During the Banking Crash of 2008/9, Firefighting’s authors, Ben Bernanke, Tim Geithner and “Hank” Paulson, headed up the US Federal Reserve Board, the NY Federal Reserve Bank and the Whitehouse Treasury Department.
In the face of a constant barrage from the right wing of the Republican Party, these three were central in avoiding catastrophic meltdown of the global banking system. So, Firefighting’s claim to be “authoritative” is strong — if this word has a pejorative sense.
Kate Raworth’s “doughnut” refers to the dilemma currently facing capitalism and has, she claims, become an “iconic image” in the world of global development economics. The dough provides a “safe and just space for humanity”. The hole in its centre represents “critical human deprivation” while “critical planetary degradation” lies in the space beyond the outer crust. The dilemma is how to eradicate the former without exacerbating the latter.
This digest of 114 articles by 67 contributors from the US magazine In These Times (ITT) covers the years since its inception in 1976. David Graeber describes the massive increase in fortified borders that result when so-called free trade agreements simultaneously destroy traditional jobs in the global south and outsourced jobs in the north. Arundhati Roy’s opening paragraphs dismember the brutalities of neoliberalism with razor-sharp precision. In “Failed Prophet” (2009) Bernie Sanders rails against Chicago University’s neoliberal Milton Friedman Institute.
Michael Lavalette’s piece on Universal Basic Income (“Safety Net Without Stigma”, October SR) is spot on. And the two letters, one supporting the idea, one against (November SR), are an object lesson in our united-front politics.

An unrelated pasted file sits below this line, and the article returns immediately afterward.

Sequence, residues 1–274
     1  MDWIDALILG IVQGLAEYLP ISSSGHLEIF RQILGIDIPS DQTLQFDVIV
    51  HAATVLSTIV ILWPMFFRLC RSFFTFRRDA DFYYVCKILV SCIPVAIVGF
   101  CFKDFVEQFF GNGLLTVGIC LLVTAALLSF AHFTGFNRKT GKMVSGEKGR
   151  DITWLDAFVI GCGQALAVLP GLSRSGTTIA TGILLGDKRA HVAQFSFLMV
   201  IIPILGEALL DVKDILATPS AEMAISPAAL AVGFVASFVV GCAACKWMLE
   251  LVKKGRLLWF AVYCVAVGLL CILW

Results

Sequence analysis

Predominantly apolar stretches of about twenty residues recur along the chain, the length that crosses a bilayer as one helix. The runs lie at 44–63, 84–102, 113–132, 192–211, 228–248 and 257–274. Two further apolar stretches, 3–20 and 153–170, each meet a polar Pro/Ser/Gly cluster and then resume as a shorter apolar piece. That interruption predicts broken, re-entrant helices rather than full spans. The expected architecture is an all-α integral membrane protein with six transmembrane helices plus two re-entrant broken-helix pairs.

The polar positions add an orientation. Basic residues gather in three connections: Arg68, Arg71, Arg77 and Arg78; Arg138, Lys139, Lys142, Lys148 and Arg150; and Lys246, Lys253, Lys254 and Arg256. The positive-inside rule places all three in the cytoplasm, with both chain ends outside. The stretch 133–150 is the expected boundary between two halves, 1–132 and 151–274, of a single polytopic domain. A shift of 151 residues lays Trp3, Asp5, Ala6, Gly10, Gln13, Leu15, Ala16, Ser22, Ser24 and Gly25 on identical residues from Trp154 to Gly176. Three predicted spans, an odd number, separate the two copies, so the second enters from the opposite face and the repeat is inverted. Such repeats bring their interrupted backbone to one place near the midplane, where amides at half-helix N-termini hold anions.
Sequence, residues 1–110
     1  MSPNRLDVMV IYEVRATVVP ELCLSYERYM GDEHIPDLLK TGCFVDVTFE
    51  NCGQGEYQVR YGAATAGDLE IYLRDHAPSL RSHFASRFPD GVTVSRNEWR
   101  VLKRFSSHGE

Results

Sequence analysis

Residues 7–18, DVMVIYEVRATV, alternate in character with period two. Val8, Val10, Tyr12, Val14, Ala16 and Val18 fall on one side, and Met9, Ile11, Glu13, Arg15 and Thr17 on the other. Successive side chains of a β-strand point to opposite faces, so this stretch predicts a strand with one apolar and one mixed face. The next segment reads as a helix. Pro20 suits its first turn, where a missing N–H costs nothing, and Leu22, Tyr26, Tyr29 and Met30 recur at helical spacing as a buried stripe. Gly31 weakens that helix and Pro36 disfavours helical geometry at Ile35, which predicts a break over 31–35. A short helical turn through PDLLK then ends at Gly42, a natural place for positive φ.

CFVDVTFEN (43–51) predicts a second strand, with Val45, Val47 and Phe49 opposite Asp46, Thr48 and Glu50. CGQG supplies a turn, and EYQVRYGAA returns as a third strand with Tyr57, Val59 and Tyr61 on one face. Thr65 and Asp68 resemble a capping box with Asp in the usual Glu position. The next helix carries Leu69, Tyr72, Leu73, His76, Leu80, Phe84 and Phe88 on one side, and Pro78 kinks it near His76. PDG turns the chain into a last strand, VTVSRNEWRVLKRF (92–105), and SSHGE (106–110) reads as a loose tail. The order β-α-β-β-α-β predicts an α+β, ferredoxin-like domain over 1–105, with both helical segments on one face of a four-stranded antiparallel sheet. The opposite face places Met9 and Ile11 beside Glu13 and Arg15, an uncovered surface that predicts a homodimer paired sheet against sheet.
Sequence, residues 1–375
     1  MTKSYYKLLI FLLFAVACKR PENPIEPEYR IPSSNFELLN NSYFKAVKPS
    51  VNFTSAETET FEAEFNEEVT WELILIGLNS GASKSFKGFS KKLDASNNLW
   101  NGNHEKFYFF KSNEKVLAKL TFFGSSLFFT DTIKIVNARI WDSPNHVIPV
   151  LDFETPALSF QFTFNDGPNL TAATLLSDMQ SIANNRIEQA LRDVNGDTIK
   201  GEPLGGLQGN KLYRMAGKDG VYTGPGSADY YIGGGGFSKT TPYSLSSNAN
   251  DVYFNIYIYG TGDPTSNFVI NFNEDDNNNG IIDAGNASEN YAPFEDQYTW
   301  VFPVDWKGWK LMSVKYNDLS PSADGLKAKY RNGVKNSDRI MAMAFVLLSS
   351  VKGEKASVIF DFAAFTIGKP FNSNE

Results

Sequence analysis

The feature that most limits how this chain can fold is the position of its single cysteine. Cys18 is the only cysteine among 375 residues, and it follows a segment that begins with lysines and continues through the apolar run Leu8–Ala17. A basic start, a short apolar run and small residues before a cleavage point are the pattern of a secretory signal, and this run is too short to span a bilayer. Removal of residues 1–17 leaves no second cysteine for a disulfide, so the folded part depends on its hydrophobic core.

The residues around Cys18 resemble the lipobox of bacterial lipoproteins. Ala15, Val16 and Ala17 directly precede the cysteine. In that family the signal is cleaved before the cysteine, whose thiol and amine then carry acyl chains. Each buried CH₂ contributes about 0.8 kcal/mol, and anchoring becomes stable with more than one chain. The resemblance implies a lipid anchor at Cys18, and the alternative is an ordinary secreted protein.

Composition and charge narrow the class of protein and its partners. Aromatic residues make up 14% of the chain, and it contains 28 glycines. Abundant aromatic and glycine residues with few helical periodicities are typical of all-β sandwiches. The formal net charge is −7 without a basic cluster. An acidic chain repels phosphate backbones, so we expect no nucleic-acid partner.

We support transitional initiatives such as UBI with enthusiasm because they benefit our class and strike a crushing blow to austerity blame-culture.
This book’s opening chapter, with its genesis of Marx’s vision of a socialist society, contains surprises. How many socialists know of the influence of William Thompson or John Bray, who promoted major elements of communism well before 1848 or the Paris Commune of 1871?
Everyone remembers the 1,133 deaths from the 2013 Rana Plaza collapse. But who knows about Bangladeshi workers who earn just one euro cent for every 18 T-shirts they make, and take home €1.36 after a ten or 12 hour day?
Ultimate villains of this “super-exploitation” are corporate buyers from the Global North and race-to-the-bottom capitalist market competition.
Tom Kay’s “The united front in theory and practice” (March SR) was excellent and timely. United front work is not merely vital for revolutionaries, but equal in status to party-building. Without significant participation in left movements and campaigns, sect-like tendencies can creep in.
This book addresses many popular misconceptions about money and debt. Ninety seven percent of money that circulates within the economy has not actually been created by the state, but by private banks, out of thin air, as fractional reserve loans.
Without the constant rolling-over of this debt-based money, there would be no economy. So GDP growth depends on maintaining high public, corporate and individual debt. This is why any level of austerity is a fraud.